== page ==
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This is a piece I wrote in the summer of 2003 after a series of burger catastrophes. My opinions have evolved since then and I have started to grind my own meat, which adds a whole new dimension to burger thought.

I'm open to a wide variety of options for hamburgers. And whatever you like, well, it's your stomach, so that's up to you. However, there are some immutable laws that apply to this paradise on a bun.

The juicier the better, so fat is good! Ground sirloin makes for an incredibly dry burger. You could get away with ground round, but I reccomend using ground chuck. If you're worried about your weight, then you shouldn't be eating hamburgers in the first place. Do it right or don't do it at all!

Hear, hear! You still can't go wrong with ground chuck. If you're grinding your own meat, though, I would combine it with other cuts like brisket, short rib or even bacon. Yes, that's right, grind the bacon right into that patty.

The bun counts. You're looking for a careful balance. Not enough structual integrity makes for a disaster as the burger disintigrates. Too tough a bread, and everything goes squishing out the sides. You can use onion rolls, whole grain breads, or whatever suits your fancy as long as you pay attention to the architecture.

I have since tried a variety of other breads. Pita doesn't work. I tried it with a lamb and feta burger. It was quite tasty, but absolutely fell apart once the bread was saturated. Use a tortilla or Afghan bread instead. A baguette is border-line: The fresher it is, the softer the bread, the better it works.

Give me pickle slices, not spears. I want the darn things in my burger. The vinigar and other flavors really add to the beef.

I remember when this first happened and it still occurs. WTF? I asked for pickles ON my burger!

Offer me onions. You may not want them, but I believe that a burger without the crunch and zing of a raw onion is a waste of time.

This only happens when I'm having a burger at someone's house and that someone is an alliumphobe. I try not to associate with these types, but it's hard to pick them out.

No mention of how the patty is cooked? What was I thinking? I prefer, when given the option, medium rare. However, I realize this is not always possible with certain restaurants. In those cases, I look for a patty with a salty, flavorful crust. The Shake Shack comes to mind.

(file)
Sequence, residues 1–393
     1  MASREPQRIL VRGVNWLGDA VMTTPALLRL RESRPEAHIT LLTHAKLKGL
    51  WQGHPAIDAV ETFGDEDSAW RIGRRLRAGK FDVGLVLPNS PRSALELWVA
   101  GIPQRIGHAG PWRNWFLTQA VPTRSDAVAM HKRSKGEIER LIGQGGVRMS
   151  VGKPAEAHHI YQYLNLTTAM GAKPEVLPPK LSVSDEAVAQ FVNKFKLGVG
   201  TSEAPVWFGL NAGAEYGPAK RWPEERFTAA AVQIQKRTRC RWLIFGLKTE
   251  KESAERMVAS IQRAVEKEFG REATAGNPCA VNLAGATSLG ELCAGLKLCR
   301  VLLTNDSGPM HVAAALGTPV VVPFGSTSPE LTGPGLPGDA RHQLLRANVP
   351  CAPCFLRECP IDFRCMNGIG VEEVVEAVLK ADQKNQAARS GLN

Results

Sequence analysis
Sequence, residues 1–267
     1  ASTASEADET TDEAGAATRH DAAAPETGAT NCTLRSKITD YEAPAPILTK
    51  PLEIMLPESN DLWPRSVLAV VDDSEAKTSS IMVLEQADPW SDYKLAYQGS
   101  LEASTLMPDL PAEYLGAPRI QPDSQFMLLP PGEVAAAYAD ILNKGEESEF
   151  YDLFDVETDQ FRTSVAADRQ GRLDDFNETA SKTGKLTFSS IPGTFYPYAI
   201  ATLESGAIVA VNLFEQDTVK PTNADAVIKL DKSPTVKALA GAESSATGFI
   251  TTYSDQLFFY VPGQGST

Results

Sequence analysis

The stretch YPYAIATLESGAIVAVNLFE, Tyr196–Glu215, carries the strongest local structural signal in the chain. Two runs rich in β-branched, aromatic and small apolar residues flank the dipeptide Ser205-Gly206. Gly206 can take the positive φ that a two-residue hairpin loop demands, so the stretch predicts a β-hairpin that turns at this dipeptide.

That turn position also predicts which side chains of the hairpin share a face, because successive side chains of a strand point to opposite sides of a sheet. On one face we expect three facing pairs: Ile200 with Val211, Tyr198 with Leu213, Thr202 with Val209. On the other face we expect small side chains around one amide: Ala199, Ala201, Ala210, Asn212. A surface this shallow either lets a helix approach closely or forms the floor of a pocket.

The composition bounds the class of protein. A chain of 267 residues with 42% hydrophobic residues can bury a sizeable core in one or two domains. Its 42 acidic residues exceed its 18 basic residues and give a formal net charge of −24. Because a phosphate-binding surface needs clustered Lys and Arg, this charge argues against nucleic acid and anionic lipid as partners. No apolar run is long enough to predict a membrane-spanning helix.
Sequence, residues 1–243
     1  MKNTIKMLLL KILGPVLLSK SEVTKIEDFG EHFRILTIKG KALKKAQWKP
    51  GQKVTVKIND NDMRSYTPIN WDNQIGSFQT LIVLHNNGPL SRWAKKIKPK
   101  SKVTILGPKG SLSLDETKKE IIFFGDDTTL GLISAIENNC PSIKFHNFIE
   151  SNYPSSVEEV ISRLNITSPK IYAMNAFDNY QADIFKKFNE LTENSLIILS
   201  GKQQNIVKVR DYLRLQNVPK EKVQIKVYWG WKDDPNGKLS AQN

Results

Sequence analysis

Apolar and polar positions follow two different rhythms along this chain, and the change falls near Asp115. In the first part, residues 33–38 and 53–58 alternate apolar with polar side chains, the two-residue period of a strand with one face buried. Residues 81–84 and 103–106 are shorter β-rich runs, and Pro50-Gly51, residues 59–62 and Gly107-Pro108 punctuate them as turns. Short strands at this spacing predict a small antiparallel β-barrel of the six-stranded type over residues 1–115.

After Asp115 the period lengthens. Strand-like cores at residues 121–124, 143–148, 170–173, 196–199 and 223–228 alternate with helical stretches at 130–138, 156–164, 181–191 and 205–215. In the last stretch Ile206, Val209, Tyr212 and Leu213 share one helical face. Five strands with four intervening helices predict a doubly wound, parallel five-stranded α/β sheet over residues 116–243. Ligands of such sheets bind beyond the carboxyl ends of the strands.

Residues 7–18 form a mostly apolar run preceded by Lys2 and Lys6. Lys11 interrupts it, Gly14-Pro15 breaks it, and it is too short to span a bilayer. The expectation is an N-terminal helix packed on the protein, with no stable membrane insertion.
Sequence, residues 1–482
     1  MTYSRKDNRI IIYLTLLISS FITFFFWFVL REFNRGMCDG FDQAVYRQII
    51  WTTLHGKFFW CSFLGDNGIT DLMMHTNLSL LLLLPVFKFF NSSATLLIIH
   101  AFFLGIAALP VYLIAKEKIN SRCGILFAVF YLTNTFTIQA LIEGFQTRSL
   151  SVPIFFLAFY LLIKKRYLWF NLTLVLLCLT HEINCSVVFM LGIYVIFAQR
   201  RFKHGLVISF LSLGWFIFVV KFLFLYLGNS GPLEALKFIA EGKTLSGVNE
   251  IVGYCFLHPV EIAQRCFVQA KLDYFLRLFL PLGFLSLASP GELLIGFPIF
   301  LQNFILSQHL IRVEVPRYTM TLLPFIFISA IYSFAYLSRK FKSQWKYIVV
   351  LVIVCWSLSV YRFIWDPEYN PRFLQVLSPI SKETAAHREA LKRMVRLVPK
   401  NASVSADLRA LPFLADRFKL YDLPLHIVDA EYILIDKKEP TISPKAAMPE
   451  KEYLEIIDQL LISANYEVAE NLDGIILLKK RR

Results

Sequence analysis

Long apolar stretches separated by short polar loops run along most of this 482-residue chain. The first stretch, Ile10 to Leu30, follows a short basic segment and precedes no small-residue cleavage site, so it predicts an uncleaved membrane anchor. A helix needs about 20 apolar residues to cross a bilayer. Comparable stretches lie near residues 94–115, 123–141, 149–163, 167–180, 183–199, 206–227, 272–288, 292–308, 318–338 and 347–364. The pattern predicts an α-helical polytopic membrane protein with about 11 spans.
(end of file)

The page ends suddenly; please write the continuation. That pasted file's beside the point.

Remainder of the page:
There are two tests that discern burger greatness. First, is it good with nothing on it? If you'd willingly eat just the patty and the bun, then you have a very good burger. This is where 5 Guys utterly fails and should never be included on any list of great burgers. Second, is it good as a leftover? If it still tastes great the next day – cold – then you have a excellent burger.

I will document my eternal quest for burger perfection. I seek this bliss not just at home — where I experiment with different cuts (and types) of meat and toppings — but also on the road.

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Hi, my name is Bill Lenoir and I seek joy in every bite I take. I am not defined by what I won't eat, but, rather, what I will. Which is to say, anything and everything. Good food and drink stimulate not only all 5 of my senses, but my brain, too:

  • What is this?
  • What are the ingredients, flavors, aromas, textures?
  • How was it made?
  • Is it something I can do? Or, can I talk my wife into doing it?
  • Where is it from?
  • How did this come about?
  • Is there a story behind it?

I resist the title of foodie. Although I do enjoy gourmet foods and seek the unusual, I will not look down on anything that tastes good, even if it comes from a can. For this reason, I promise to make a good faith effort not to mock the tastes of others, but to learn why someone enjoys something that I currently do not. Am I missing something?

I will share with you all that I learn in my quest for good food. I will write reviews, provide recipes that I've enjoyed, rant about various topics and even recount interesting meals in literature or the movies. All I ask in return is that you don't yuk my yum.